Saudi Students Celebrate Culture

%28Photo+by+Chris+Samuels%29

(Photo by Chris Samuels)

(Photo by Chris Samuels)
(Photo by Chris Samuels)

 
Arab and American flags were flown together in the Union Ballroom on Wednesday night, as music played in the background.
The flag of Saudi Arabia, which is green and white, reads “Allah is the only God, Muhammad is His messenger” in Arabic. The colors waved next to the United States’ red, white and blue.
The event, hosted by the U’s Saudi Club, celebrated the 84th annual Saudi Day. Meshari Almutairi, a senior in political science, organized the event with the help of volunteers. The day took three weeks of planning to come together, and Almutairi said everything from the napkins to decorations were handmade.
Almutairi, who is from Saudi Arabia, said he wants everybody to know about the culture, especially the bringing together of two heritages, Islamic and Arabic. He said since there is a large number of Saudi students at the U, he wanted to give people a positive image about the culture.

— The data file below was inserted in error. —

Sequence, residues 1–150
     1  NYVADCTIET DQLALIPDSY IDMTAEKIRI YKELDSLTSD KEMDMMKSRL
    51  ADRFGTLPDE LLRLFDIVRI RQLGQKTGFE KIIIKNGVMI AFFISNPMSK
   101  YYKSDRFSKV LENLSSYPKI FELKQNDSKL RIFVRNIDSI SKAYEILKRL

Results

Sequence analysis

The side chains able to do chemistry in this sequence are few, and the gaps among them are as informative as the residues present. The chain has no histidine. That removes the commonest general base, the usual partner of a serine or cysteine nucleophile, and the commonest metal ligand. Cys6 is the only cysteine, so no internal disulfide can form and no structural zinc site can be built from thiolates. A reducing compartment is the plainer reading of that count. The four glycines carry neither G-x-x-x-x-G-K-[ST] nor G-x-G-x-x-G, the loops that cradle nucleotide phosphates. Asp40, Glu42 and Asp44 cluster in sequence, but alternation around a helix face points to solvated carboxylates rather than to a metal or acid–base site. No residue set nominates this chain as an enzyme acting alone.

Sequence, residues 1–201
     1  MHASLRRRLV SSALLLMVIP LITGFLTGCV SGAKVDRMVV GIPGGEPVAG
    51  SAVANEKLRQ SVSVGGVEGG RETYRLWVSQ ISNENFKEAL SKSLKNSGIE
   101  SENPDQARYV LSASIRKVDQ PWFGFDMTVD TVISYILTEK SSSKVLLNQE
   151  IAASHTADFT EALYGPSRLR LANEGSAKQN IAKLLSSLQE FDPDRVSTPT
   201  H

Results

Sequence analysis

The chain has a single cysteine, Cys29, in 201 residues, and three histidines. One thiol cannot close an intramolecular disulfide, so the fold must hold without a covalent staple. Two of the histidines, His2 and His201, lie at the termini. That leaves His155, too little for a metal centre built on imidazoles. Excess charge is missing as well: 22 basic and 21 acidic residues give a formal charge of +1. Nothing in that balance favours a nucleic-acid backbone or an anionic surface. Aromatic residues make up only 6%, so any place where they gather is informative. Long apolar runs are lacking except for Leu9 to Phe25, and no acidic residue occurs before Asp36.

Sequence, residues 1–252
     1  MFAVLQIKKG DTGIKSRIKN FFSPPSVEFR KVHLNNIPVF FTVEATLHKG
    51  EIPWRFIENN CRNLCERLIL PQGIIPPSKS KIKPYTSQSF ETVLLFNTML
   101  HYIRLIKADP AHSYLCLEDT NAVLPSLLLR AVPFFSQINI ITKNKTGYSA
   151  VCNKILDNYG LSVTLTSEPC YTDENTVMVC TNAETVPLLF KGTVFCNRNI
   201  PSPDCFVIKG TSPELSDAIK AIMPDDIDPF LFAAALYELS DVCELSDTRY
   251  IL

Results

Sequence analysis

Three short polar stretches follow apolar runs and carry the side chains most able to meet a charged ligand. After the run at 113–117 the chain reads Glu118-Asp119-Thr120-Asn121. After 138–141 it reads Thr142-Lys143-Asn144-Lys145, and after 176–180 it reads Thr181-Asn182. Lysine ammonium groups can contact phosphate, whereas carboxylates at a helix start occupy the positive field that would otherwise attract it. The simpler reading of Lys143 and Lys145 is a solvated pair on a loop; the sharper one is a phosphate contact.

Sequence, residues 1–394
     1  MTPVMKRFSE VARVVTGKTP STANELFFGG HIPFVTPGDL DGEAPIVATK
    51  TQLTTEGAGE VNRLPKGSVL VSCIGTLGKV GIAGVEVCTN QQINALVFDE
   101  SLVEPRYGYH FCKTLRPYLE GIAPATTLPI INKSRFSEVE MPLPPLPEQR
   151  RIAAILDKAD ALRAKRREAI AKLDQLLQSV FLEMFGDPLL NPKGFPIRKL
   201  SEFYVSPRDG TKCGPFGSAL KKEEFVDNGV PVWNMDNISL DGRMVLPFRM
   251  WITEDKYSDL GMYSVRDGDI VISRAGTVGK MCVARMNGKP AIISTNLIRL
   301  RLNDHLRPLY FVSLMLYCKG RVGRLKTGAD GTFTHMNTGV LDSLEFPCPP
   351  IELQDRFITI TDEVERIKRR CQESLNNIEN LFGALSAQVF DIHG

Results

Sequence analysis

The event began with children welcoming all who participated, tossing rose petals. The anthem of Saudi Arabia played with a subsequent recitation of the Quran.
Almutairi said when he first came to Utah he lived in Cedar City and felt “culture shock that I enjoyed.” He enjoyed living with his hosts and called them his second family.
Almutairi, as well as attendees at the event, wore traditional Saudi clothing. “Bisht,” an article of Saudi garb, is similar in formality to a suit and tie. Traditional clothing was presented in booths where people could try outfits on and take pictures.
In other booths, organizers hung up photos of past and present Saudi lifestyles. When he started at the U, Almutairi said a girl in one of his classes thought Saudis lived in an old-fashioned style compared to America. But, he said, the region is up-to-date.
“Our purpose is to show the U.S. how we were then and now,” Almutairi said.
Bayan Al Talhi, a freshman in nursing and a student at the U’s English Institute, said she attended the event because she should be there to represent her cultural heritage.
“We should be proud about Saudi,” she said.
Murooj Bughdady, also a student at the English Institute, said the event is great for people to learn about the Saudi culture. She said there are many Saudis at the U and hopes other students will understand them more.
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